Model-based derivative-free optimization (DFO) methods are an important class of DFO methods that are known to struggle with solving high-dimensional optimization problems. Recent research has shown that incorporating random subspaces into model-based DFO methods has the potential to improve their performance on high-dimensional problems. However, most of the current theoretical and practical results are based on linear approximation models due to the complexity of quadratic approximation models. In this talk, we propose a random subspace derivative-free trust-region algorithm based on quadratic approximations. Unlike most of its precursors, this algorithm does not require any special form of objective function. We study the geometry of sample sets, the error bounds for approximations, and the quality of subspaces. In particular, we provide a technique to construct Q-fully quadratic models, which is easy to analyze and implement. We present an almost-sure global convergence result of our algorithm and give an upper bound on the expected number of iterations to find a sufficiently small gradient. We also develop numerical experiments to compare the performance of our algorithm using both linear and quadratic approximation models. The numerical results demonstrate the strengths and weaknesses of using quadratic approximations.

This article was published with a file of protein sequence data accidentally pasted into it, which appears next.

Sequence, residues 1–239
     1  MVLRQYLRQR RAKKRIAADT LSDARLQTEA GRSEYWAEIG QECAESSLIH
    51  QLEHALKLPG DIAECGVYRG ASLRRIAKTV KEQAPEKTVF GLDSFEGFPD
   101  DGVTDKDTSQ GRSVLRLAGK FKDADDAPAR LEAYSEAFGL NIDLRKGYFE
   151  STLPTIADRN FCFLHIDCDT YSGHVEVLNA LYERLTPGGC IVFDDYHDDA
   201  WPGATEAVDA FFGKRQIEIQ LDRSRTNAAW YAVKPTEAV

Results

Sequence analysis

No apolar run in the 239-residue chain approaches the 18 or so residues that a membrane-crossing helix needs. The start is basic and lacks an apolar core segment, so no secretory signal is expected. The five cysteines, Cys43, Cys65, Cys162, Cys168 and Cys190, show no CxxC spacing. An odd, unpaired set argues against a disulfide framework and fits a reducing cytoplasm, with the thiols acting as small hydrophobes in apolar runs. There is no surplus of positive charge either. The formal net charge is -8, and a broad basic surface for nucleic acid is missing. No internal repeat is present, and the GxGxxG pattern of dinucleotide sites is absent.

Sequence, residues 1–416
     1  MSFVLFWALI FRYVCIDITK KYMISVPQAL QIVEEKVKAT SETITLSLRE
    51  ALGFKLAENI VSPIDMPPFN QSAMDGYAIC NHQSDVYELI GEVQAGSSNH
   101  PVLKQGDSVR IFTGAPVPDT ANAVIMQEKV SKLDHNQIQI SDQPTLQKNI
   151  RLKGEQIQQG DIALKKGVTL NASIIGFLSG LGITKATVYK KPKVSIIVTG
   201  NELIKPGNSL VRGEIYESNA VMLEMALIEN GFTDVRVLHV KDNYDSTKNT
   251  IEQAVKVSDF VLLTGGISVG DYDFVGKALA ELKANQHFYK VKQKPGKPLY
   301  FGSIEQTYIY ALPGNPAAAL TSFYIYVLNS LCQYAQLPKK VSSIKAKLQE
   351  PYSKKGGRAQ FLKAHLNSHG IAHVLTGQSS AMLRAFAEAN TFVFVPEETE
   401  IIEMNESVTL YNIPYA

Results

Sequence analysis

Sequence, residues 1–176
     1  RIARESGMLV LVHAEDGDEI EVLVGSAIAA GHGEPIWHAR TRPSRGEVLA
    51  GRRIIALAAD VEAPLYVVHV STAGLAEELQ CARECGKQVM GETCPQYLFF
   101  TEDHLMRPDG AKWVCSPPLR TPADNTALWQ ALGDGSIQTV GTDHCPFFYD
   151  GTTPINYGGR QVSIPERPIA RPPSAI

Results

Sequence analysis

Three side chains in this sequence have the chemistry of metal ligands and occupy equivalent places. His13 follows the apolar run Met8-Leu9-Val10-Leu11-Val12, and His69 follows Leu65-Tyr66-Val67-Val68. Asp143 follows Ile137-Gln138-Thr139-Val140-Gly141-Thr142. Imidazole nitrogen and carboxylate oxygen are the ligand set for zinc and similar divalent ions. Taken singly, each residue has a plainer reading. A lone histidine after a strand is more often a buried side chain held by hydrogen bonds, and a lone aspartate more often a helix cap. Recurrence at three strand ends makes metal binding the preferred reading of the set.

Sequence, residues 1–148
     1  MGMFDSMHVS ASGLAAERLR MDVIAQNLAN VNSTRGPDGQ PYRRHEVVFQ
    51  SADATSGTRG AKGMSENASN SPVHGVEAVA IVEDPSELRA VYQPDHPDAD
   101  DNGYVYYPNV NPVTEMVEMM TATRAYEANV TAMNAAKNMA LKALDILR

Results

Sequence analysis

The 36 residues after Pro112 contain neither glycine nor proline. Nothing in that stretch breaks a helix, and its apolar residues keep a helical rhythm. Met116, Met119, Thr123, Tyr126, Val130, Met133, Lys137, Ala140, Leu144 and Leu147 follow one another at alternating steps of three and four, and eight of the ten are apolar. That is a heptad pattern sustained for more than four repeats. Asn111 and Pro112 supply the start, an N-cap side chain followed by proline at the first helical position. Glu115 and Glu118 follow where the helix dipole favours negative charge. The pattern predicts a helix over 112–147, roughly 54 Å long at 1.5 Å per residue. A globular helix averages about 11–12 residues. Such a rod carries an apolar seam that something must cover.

### 3 — 15:00 — A new two-dimensional model-based subspace method for large-scale unconstrained derivative-free optimization: 2D-MoSub